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  • Dec 23, 2014
  • Updated: 8:59am
NewsHong Kong

University of Hong Kong scientists may have found key to longevity

PUBLISHED : Friday, 21 December, 2012, 12:00am
UPDATED : Friday, 21 December, 2012, 3:55am

If you hope to live a longer, healthier life, scientists at the University of Hong Kong may have unlocked clues to help you do just that.

Scientists studying Hutchinson-Gilford Progeria Syndrome (HGPS), a genetic disorder that causes children to age rapidly, have found that by over-expressing the "longevity gene" Sirtuin1 in mice with HGPS, they can extend the animals' healthy lifespan by 30 per cent.

"HGPS and normal ageing have a similar mechanism," said Zhou Zhongjun, associate professor of HKU's biochemistry department. He said his team extended the mice's healthy lifespan by giving them Resveratrol, a substance found in grape skin and wine.

The substance causes Lamin A, a protein in the body, to more strongly express the Sirtuin1 gene, which in turn stops the decline of adult stem cells and delays the mice's ageing process.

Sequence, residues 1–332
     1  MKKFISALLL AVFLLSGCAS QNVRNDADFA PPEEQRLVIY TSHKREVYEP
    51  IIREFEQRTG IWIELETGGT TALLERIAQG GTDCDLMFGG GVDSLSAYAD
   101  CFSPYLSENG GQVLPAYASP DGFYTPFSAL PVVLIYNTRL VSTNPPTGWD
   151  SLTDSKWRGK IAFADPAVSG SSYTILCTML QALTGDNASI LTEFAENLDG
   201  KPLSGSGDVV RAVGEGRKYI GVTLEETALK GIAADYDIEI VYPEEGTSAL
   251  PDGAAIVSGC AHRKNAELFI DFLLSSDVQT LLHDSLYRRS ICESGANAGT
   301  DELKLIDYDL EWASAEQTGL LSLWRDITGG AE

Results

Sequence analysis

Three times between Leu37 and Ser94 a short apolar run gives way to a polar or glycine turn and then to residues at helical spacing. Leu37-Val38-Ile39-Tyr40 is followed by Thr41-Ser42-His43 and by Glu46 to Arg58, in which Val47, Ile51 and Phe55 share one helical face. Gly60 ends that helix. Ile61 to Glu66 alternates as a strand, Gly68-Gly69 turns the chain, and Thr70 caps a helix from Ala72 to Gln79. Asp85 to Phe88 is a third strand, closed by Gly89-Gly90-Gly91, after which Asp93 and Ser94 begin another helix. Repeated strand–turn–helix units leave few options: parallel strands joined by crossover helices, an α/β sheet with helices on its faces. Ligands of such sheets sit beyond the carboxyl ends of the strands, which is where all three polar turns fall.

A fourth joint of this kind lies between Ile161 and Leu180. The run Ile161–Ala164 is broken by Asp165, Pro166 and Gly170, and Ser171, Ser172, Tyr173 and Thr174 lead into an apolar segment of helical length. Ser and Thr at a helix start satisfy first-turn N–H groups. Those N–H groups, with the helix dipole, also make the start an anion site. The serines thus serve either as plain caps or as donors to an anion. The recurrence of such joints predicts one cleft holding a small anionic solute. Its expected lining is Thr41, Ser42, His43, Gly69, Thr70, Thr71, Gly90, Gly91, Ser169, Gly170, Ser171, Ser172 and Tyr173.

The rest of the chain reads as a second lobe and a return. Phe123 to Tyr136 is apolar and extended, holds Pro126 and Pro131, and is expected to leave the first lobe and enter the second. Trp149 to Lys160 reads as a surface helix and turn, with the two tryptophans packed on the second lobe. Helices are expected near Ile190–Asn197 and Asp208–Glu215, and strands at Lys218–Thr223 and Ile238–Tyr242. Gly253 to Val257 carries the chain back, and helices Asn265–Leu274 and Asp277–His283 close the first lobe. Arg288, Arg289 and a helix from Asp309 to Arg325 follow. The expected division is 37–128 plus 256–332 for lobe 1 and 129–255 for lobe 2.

While more studies have to be done to find out if Resveratrol will similarly benefit humans and whether it has harmful effects in larger doses, Zhou is hopeful: "[The savings to] health care costs will be phenomenal if we can decrease the time people are sick."

Children with HGPS live for just 13 years on average.


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Is this responsible reporting? Similar unsupported claims have been made for Resveratrol since the 90s and been debunked by past studies and one of its strongest promoters, Dipak Das, was found to be a fraudster by the University of Connecticutt; a study this year by the Washington University at St Louis showed zero effects on middle-aged women using huge doses. GlaxoSmithKline invested US$720 million five years ago in an enterprise to exploit Resveratrol and nothing has come of it. So is this really something new?


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